Advice for Graduate Students: Why You Need External Fellowships

This is the first in what should be a series of new posts on professionalization for PhD students in the humanities and social sciences (update: 2nd post here, 3rd post here), based on my own experience and advice I have collected along the way. (A prior post in this vein concerned how to embark on archival research.) The meaning of professionalization can be somewhat unclear until you're actually doing it. Moreover, the reasons to do it are also often opaque: there may be no direct reward for success other than good vibes, nor a direct penalty for failure other than feeling glum. We know, in general, that successful graduate students become successful academics by adhering to certain norms and expectations, though we don't always know what they are. My focus here is one domain, however, in which there is a clear reward for successfully following the guidelines: winning external fellowships and grants.*

My broad goal is to explain some aspects of professionalization, particularly around fellowships, that are not often explicitly articulated. Beyond the typical requirements, many expectations in graduate school are unstated, making it even more difficult to know why and how to fulfill them. It's not that anyone is trying to mislead students, it's that many aspects of graduate school are thought of as things that "go without saying." They're second nature for people who have been doing this a long time, like our advisors. And there's also the unfortunate reality that learning how to discern unspoken expectations and educate oneself about how to succeed, rather than relying on advisors alone, is itself part of the disciplining and training students are undergoing.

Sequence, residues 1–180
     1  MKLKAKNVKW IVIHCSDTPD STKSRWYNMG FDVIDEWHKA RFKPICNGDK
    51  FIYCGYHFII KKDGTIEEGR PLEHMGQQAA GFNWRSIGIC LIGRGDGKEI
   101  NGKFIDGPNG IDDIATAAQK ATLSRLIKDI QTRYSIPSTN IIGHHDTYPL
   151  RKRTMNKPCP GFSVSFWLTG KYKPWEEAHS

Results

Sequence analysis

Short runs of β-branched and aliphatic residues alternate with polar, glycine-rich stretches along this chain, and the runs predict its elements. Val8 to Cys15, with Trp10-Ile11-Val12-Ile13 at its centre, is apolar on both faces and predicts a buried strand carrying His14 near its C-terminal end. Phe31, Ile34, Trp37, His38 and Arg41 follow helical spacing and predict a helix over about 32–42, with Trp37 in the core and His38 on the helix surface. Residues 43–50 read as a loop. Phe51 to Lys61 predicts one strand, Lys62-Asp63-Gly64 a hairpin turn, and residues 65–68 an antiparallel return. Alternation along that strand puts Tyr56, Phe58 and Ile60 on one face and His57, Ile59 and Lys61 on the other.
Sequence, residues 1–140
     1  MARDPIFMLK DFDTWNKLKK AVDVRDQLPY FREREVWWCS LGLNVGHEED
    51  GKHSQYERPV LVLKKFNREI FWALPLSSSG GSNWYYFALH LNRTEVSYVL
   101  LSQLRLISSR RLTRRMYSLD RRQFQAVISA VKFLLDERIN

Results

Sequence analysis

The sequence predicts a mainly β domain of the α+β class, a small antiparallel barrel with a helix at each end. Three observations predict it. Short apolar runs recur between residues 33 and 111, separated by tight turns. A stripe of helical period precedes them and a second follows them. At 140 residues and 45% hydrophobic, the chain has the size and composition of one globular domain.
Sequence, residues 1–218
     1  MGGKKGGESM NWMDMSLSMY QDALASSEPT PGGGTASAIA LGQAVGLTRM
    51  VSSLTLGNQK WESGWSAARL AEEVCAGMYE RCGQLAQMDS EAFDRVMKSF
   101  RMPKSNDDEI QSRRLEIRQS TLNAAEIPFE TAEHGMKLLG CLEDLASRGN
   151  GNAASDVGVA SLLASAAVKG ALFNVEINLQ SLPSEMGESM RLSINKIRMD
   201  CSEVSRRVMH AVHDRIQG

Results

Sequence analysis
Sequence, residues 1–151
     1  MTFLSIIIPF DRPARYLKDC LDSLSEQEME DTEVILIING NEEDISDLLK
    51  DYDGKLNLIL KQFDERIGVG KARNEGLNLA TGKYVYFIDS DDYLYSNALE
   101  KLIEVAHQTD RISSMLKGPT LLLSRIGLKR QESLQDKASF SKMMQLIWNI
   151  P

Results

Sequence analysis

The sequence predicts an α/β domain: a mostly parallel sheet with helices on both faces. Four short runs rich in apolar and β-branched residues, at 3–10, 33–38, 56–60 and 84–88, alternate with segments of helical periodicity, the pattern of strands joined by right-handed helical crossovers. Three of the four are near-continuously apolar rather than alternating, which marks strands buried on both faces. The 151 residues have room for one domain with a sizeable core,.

In addition, to make it more confusing, there may also be competing justifications for doing the labor of professionalization. A fellowship means money for the awardee, which is an obvious reason to apply. But a more diffuse yet probably even more important reason is that winning one smaller fellowship or grant can then lead to winning a larger fellowship or grant, which can then lead to a job. While a student is worried about paying the bills, an advisor might be worried about whether the student is constructing a solid CV. These are not incompatible, but their stakes and temporal horizons are clearly different.

Why You Need a Fellowship (in rough order of importance)